Despite the chaos and havocs many businesses have endured, the pandemic has created an opportunity for leaders to change how their businesses compete in the market. Since one of the emerging trends of the “new normal” is being virtual, remote, and touchless, digital engagement and digital selling between businesses and customers have dramatically increased, resulting in skyrocketing eCommerce sales.
While digital transformation has long been an effort undertaken by many global enterprises, the 2020 pandemic has greatly accelerated these digital initiatives. The challenge today lies in differentiating your eCommerce model in an increasingly crowded digital market. So, how can a business stand out in this vast digital economy? For those that have succeeded, the secret ingredient is almost always Artificial Intelligence (AI).
Getting started with AI can be a daunting task, with thousands of tools and applications available to choose from. Despite this, a majority can be classified into 4 areas that are of paramount importance in today’s digital world. Some of them are more developed for eCommerce, while others have yet to realize their full potential. Here is how each category of AI has been used in eCommerce and why it’s crucial to the success of your eCommerce strategy:
1. Internet AI: Developing relevance and personalization
The first category is called Internet AI, as the data used to train this type of AI has traditionally derived from user behaviors on the internet. This category is also referred to as Personalization AI, because the primary use case supports recommender systems and personalization engines. Internet AI is already widely used in eCommerce to provide personalized recommendations of products and services.
With eCommerce lacking the traditional in-person interactions, personalization will be crucial to provide users with relevance and individualized context to improve the user experience. Remember, it’s not about being online or offline anymore. Everyone is going online, even your competitor next door. What is now essential is that once online, you need to tailor the experience to each individual customer as much as possible. Because the attention economy is far more competitive in the digital world.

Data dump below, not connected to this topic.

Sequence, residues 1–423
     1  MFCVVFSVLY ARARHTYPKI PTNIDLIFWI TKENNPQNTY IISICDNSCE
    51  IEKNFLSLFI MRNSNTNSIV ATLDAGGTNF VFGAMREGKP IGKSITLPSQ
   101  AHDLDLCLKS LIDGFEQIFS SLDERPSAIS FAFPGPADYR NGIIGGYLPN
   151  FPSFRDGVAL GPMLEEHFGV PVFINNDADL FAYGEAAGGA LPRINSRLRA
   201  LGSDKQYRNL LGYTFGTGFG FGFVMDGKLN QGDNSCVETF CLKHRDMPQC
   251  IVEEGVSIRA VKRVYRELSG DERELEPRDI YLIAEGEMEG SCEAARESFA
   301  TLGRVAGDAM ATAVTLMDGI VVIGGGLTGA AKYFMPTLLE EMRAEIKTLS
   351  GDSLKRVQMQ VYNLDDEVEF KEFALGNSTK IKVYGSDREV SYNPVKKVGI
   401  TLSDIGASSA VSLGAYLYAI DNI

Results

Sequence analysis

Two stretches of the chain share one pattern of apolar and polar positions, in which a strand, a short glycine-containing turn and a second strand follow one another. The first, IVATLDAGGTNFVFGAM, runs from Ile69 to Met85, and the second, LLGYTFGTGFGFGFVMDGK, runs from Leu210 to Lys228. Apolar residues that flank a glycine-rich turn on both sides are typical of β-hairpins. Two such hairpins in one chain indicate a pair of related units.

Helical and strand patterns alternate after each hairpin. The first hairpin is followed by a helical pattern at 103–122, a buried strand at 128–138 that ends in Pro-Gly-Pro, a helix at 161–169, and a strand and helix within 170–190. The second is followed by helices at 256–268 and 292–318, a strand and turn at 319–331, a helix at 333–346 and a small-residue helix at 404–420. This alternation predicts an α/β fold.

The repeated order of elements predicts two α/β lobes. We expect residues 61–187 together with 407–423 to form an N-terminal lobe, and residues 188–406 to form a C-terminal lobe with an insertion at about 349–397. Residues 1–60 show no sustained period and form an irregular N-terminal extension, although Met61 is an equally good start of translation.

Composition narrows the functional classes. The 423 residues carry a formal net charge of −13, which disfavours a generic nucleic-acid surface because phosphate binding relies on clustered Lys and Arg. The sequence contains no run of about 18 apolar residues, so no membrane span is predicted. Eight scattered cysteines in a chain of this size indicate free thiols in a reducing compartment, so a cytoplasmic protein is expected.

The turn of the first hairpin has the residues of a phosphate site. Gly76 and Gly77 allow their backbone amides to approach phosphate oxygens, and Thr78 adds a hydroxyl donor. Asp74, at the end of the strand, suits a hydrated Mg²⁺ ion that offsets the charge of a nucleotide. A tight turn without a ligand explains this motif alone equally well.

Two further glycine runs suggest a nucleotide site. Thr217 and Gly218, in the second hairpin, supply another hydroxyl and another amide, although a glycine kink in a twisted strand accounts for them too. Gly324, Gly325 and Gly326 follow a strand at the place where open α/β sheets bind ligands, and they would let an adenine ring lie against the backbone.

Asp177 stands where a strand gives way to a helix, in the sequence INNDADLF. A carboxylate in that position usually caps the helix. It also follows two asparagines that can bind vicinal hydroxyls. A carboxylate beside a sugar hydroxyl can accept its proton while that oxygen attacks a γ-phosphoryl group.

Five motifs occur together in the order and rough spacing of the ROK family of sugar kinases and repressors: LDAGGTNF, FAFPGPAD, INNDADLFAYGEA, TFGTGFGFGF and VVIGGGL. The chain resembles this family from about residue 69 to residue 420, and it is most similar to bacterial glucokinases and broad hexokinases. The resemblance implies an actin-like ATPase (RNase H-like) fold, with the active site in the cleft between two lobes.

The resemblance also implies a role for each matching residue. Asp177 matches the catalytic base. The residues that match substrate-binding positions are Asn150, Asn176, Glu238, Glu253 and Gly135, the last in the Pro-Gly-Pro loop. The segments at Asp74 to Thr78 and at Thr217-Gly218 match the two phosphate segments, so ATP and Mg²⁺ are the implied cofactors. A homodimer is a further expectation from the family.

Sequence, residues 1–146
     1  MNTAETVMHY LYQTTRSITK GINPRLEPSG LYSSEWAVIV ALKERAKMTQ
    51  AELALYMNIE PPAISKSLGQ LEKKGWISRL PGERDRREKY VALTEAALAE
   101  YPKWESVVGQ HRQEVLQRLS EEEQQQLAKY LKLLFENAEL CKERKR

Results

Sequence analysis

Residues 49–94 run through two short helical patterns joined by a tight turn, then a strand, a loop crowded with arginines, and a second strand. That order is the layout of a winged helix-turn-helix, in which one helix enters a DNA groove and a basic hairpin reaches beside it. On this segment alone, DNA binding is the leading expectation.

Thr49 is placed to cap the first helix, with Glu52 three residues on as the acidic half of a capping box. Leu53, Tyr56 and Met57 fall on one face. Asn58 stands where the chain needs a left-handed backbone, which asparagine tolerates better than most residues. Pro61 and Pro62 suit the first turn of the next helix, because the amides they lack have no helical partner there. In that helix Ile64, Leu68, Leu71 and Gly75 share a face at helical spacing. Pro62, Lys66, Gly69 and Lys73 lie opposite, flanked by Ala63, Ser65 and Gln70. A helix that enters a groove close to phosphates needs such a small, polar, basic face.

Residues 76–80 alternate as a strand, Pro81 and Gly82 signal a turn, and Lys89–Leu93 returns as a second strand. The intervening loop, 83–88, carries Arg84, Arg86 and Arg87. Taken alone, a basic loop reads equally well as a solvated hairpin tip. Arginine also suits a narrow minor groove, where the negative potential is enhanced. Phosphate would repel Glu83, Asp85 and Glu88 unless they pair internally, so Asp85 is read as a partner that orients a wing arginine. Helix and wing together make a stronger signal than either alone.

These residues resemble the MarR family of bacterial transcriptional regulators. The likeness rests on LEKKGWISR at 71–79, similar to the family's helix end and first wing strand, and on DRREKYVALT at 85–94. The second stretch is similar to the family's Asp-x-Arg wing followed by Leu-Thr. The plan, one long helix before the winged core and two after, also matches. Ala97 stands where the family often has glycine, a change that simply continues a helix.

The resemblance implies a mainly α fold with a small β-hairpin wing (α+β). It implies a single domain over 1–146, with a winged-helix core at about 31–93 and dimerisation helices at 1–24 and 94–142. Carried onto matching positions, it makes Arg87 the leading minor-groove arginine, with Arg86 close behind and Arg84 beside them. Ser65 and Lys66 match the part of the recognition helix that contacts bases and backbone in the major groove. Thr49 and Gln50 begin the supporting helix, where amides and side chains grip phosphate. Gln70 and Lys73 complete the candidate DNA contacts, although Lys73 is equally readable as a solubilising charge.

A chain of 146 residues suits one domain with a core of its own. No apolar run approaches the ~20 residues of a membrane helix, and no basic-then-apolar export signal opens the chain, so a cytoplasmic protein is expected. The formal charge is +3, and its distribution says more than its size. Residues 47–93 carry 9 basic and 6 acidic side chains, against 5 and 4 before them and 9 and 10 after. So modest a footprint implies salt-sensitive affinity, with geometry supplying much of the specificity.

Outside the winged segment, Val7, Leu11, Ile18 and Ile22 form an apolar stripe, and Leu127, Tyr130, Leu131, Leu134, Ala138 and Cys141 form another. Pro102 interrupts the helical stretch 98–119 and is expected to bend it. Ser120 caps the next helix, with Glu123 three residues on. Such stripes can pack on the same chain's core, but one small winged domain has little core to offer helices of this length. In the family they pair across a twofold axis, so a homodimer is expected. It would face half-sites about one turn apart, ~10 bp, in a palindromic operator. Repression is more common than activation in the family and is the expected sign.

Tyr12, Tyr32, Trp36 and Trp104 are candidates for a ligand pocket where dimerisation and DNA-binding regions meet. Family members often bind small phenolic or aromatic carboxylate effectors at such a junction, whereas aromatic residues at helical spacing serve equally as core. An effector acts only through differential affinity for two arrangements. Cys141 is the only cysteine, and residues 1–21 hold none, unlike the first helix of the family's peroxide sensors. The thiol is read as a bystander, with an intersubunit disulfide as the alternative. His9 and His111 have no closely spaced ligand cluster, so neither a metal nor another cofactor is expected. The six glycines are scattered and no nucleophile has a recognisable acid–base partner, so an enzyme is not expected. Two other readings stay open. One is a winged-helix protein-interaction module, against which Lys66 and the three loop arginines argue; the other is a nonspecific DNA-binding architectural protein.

2. Perceptual AI: Creating an engaging end-user experience
The second category is called perceptual AI, with the dominant use case of this class of AI being human-computer interaction. Virtual assistants (e.g. Cortana, Google Assistant, and Siri), as well as chatbots (e.g. ChatGPT or other conversational AI on websites), are just some examples of this class of AI. Because these tools often require machines to mimic the higher cognitive function of humans, like speech recognition and language understanding, this category is also known as Cognitive AI.
The proliferation of conversational agents made perceptual AI extremely popular in eCommerce. Since most eCommerce sites are relatively static and lack the engagement of physical shopping experiences, perceptual AI can make your eCommerce shopping experience far more interactive and engaging. As a result, many websites, whether eCommerce or not, are implementing chatbots to help visitors navigate more efficiently and guide them to the information they are looking for. Perceptual AI can also be coupled with Internet AI to recommend products via conversational agents to create an engaging and guided user experience that is also relevant and personalized.
3. Business AI: Delivering commercial results
The third category is called Business AI because it’s typically used by business users instead of end consumers. Business AI is a very diverse category with many different domains in which it operates. Yet the overarching use case of this class of AI in business is to automate decision-making within a company. For eCommerce, examples of these decisions may be: How do we set the price for a certain product? How long do we run a particular promotion? How much discount do we offer to our most loyal customers?